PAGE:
A member from a forum that I frequent had this question to ask today (user name will not be revealed for reasons of anonymity):
Wondering should I part with my e3 and 12-60mm to jump over to m43. Haven't really been using my e3 much and the weight and size actually made me taking it out less....
Any comments on any of the m43 cameras ?? IQ from the limited amount of lens??? anyone please?
For your info, the Olympus E-3 is the flagship of the Olympus Fourthirds system. You can dunk this camera into a river or use this camera in a blizzard or desert storm, and it will persevere as well as a Canon 1D series or Nikon D3 at roughly a quarter of their price. For more info, please read my other article: Olympus cameras - tougher than you may think.
Now back to the main issue.
The Micro 43rds concept basically involves the removal of the mirror box in a traditional SLR system to produce high quality images befitting of the traditional Fourthirds system in a more slim and compact chassis.
For a more complete description of the M43rds concept, please visit the Fourthirds website here.
To date, there have been several variants of the M43 system ranging from the GH-1, G-1 and GF-1 by Panasonic to the EP-1 and EP-2 by Olympus. Its been something like a Nikon vs. Canon tournament, though the big two have been warring for quite some time now.
There have been gazillions of EP-1 vs. GF-1 articles out there, and I am not keen to go into all of the details, but if you're keen, there's one article which I've found here at The Online Photographer which you can have a look at.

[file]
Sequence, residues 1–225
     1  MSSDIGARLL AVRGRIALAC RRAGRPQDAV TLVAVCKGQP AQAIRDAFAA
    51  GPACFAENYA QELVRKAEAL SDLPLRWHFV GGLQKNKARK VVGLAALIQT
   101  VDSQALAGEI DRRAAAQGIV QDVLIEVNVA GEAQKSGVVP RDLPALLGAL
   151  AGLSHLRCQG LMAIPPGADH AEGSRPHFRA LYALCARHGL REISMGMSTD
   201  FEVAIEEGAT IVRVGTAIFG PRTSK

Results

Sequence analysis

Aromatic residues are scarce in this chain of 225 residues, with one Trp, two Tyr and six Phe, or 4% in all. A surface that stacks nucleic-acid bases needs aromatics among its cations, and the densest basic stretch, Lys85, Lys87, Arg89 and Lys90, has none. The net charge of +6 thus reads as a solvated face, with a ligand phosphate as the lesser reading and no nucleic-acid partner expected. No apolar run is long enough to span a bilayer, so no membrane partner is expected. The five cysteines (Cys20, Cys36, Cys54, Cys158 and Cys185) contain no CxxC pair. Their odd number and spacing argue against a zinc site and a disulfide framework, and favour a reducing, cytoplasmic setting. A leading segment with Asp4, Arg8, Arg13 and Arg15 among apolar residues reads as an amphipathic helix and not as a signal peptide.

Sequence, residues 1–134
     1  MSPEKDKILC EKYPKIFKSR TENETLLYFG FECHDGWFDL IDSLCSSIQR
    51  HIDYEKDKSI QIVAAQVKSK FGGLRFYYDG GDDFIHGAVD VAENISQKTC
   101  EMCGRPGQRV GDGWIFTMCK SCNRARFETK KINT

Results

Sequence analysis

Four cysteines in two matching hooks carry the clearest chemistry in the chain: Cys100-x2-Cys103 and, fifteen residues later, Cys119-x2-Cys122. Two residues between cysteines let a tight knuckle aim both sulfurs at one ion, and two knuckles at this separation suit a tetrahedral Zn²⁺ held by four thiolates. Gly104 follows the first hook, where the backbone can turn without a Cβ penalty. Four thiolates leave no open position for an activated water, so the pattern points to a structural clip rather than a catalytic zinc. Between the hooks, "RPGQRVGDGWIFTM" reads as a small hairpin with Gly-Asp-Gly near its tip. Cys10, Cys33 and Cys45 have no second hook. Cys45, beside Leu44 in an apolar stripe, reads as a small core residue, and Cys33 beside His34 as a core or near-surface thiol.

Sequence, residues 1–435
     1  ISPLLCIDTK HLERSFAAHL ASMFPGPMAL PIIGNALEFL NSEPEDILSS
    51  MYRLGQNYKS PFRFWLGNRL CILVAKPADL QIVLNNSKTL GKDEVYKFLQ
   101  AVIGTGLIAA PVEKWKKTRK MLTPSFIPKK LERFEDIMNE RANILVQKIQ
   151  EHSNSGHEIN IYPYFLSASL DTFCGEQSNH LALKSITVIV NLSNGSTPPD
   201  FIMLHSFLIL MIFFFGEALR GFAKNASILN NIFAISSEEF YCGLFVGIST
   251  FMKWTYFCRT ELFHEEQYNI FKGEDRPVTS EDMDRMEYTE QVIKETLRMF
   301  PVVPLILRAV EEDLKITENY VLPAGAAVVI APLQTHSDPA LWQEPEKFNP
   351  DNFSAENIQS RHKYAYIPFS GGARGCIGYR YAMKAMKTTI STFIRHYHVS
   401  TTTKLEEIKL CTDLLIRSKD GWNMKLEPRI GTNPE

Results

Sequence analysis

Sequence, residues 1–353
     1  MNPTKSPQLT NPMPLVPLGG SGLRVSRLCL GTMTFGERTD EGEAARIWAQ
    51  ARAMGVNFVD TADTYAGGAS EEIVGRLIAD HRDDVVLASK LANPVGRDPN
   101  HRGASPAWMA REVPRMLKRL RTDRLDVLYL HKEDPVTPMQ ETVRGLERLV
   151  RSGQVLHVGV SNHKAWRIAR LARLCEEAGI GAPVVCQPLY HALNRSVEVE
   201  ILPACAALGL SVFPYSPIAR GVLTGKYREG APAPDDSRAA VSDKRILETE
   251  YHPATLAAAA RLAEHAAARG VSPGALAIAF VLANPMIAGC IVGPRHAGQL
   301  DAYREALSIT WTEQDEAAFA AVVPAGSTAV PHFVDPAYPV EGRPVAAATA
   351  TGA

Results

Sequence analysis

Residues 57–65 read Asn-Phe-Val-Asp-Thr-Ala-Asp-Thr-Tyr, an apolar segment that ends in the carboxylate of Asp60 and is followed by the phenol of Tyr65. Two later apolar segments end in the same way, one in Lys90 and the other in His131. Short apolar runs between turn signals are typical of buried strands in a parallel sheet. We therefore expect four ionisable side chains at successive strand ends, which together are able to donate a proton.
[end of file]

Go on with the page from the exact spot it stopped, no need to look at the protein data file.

Perhaps the new M43 bodies like the GF-1 and EP-1 will yield a greater difference, but here are the lenses mounted on a 43rds Olympus E-3 body on the right, and a Panasonic GH-1 on the left. I guess for the sake of ''cuteness'' and size, a regular 43rds lens should not be mounted on a M43 body. Its like marrying Beauty and the Beast, if you know what I mean.
M43 offers other advantages, such as:
- It allows us to mount an almost infinite range of lenses, and to quote some examples from my friend Gary Ayton: Leica M, Leica R, Olympus Pen, Olympus OM, Canon FD, Nikon F, Minolta, Pentax K, Hasselblad, Pentax 6×7, and even Canon EOS (although at present only at wide open aperture as EOS lenses do not have aperture rings).
- The micro43rds bodies also give true video capabilities akin to a camcorder or a compact digital camera with even better depth of field control. Indeed, there have been several compelling commercial advertisements done solely with EP-1 available on youtube nowadays. Of course, todays modern DSLRs such as the Canon 5Dmk2, Nikon D90 and even the Nikon D3s offer movie capabilities, but unfortunately no auto focus capabilities as of yet.
- The lenses (and current M43 bodies to some extent) are good, small and light, but they're almost as expensive as current 43 lenses, eg. Panasonic 20/1.7, 14-140, 7-14, or M zuiko 9-18, 14-150. I don't think you'll ever see Olympus' f2 zooms (such as the 14-35 or 35-100) in M43 format because they'll be bulky and pricey. Fast primes will be the name of the game now. M43 lenses also cannot be mounted on 43 bodies because of the reduction in size of the lens mount.